Archive for the ‘art’ Category

Scenes From Friday Night

The interview went well. I have an evening interview at the client’s office on Wednesday.

I snapped a few pictures on the gallery tour tonight.

Mural on 10th Avenue at Santa Fe.

The alley behind Mary Mackey Fine Art on Santa Fe.

Detail of a photograph at Spark Gallery on Santa Fe.

Door handle from the Liberace Collection.

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The Pattern Shop Gallery hosted a salon on Saturday afternoon for Jessica. Since Paddy and JP missed the opening, we arrived early so they could preview the works. Jessica explained her creative process and inspirations for her collages. All of her works are based on events in her life. She gave an overview of each collage except for the one influenced by the death of her son. It was too painful for her discuss. Hearing her struggles as a transgendered woman of color was truly inspiring. Jessica has faced more difficult times in her life than most people. Her story made me realize how being a white male in the United States grants me privileges unavailable to others.

Collectors have been viewing her works. There’s a buzz in the local art world about her show. It’s Jessica’s time in the spotlight. It’s a time she has been waiting years to experience. It’s well deserved.

Detail of one of the collages. Note the ankle monitor on her leg.

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Paddy, JP and I hit a few galleries tonight. The third friday of the month is collectors’ night allowing for a small intimate crowd as opposed to the choas of First Friday.

Two new cranes have popped up on the western edge of the Golden Triangle. Yet another luxury apartment building is beign erected.

Interesting mix of architecture in the Santa Fe Arts District.

Tongiht, Niza Knoll Gallery opened Fired 2017, a juried ceramics show. There are some great pieces in this show. My favorite was Macy Dorf’s Gateway priced at $5,000.

Paddy drove past the iconic El Chapultepec in LoDo on the way home. This Denver institution has been around since 1933. It was one of Jack Kerouac’s favorite haunts in the 1950’s. It’s a bar serving Mexican food along with being home to Denver’s best Jazz and R&B artists. Count Basie, Wynton Marsalis, Artie Shaw and many other famous musicians have played at the “Pec” over the years.

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Playing With Filters

I was bored last night so I amused myself by applying various filters to some of my photos. I like this one the best:

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A few weeks ago, I attend the re-opening of Edge Gallery in the Prism Workspaces located on the western edge of the La Alma-Lincoln Park neighborhood, just southwest of downtown. Prism is a new artist habitat about fifteen blocks west of the Santa Fe Arts District. The former light industrial building houses Edge Gallery along with artist studios and workspaces. The western edge of La Alma-Lincoln Park is populated with mostly single-story warehouses and manufacturing buildings and is separated from the eastern residential areas by the numerous railroad tracks that run through Denver. Railroad tracks on the east and I-25 on the west. In some places one can walk directly onto I-25 and onto the railroad tracks. It’s a part of town where most people would not want to live. But that’s what RiNo was before the artists moved in and started renovating buildings. The area became hip and trendy. Soon the developers moved in and started redeveloping the area. A block in RiNo can now easily be sold for $10m.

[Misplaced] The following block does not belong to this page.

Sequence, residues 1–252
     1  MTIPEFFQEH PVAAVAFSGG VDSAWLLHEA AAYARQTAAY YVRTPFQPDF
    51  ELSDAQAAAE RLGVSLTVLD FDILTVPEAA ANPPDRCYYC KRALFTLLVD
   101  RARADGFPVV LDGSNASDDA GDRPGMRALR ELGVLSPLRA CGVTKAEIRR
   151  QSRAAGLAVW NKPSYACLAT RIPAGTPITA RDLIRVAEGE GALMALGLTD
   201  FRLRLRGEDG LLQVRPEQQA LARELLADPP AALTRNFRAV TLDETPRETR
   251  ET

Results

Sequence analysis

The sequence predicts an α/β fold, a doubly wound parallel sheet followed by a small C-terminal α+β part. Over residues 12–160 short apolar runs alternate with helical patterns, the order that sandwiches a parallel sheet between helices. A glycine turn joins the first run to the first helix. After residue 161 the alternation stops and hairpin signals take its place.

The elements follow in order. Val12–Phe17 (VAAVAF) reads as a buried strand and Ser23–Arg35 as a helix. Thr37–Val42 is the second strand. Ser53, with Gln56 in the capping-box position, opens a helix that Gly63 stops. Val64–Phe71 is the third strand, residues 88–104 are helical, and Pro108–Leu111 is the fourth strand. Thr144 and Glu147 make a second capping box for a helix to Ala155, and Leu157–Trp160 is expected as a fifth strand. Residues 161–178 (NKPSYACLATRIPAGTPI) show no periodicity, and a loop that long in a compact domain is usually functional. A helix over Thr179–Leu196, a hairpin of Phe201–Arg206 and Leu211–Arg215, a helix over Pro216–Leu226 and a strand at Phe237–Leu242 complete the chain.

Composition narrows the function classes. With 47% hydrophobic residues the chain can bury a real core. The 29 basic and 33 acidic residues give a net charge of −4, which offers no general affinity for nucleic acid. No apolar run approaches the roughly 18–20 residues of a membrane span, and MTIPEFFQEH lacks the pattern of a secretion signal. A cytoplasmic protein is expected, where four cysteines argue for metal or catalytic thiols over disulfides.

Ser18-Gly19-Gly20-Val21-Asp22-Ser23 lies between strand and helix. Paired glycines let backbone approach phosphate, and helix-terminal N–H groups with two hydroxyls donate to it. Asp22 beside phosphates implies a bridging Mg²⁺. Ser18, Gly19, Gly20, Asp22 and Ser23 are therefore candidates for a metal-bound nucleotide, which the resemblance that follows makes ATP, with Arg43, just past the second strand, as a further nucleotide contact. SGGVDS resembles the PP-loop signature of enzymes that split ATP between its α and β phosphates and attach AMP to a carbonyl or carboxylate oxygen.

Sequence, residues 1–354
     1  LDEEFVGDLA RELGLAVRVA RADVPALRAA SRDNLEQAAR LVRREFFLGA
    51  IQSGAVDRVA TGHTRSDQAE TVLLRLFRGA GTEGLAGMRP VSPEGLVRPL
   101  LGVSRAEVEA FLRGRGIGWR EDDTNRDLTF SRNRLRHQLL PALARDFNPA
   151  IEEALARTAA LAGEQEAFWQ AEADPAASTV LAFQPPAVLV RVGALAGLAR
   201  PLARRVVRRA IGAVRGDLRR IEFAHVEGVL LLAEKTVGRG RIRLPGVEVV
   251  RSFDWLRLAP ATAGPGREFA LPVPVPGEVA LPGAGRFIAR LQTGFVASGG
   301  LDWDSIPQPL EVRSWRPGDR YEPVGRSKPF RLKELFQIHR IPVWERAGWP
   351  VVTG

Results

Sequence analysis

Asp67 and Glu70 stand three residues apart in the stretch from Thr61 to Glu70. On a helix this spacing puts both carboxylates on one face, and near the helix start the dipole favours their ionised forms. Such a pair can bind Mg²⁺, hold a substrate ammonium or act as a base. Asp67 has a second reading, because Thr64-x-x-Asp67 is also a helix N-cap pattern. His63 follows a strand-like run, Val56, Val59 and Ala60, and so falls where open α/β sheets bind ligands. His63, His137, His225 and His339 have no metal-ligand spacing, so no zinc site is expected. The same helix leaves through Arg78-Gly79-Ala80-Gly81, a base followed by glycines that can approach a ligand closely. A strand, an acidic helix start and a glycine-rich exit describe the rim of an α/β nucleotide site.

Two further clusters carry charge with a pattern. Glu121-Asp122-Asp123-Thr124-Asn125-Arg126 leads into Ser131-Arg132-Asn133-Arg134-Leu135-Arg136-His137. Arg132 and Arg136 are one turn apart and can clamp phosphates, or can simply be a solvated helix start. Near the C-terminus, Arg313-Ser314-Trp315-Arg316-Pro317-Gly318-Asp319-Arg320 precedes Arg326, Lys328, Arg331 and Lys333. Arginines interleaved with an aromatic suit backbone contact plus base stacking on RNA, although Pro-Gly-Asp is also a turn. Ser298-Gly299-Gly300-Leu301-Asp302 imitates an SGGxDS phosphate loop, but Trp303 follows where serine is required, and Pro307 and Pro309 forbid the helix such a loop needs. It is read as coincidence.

One artist habitat does not make an arts district. If more artists move in and more buildings are converted to art studios, workspaces and galleries, the area could become the next arts district. If that happens, the developers are sure to come hunting for cheap land.

A studio with a view.

Close to downtown

An abundance of scrap metal for sculptors.

Easy access to rail transportation.

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A Mostly Abstract Night

It’s great to walk into a gallery with walls full of beautiful paintings. It’s even better to see a good number of the work have sold. This happened last night at Shawn Huckins’ opening at Goodwin Fine Art. Shawn’s landscape and figurative works have text messages splashed across them. The result is fresh and inventive. One painting sold for $21,000. A number of other paintings also sold. Clearly this young man is being collected early in his career.

Michael Warren Contemporary was another stop on the art tour. New works by Dallas based artist, Tom Hoitsma, are on exhibit. These large format (most are 84 x 73) abstract paintings are striking. Tom uses acrylic and latex paints in the same painting which gives the painting depth and an interesting patina. Also on exhibit are small monochromatic abstracts by Mark Rediske. This is an exhibit working giving a look.

MWC, Tom Hoitsma, Nightscape and Orange Cross, both are 84 x 74, acryic and latex on canvas, $8,500 each

MWC, Tom Hoitsma, Late Winter and Landscape #17, both are 84 x 74, acryic and latex on canvas, $8,500 each

The tour also stopped at Core, Spark and Next. Next has a double bill with Richard Anderson and Betsy Rudolph. Richard is showing a small installation, three paintings and a number of small collages. The collages were my favorites. Betsy is showing small abstract paintings with a great color palette. I loved a number her works.

Next, Betsy Rudpolph, about 12 x 12, acrylic on panel, $110 each

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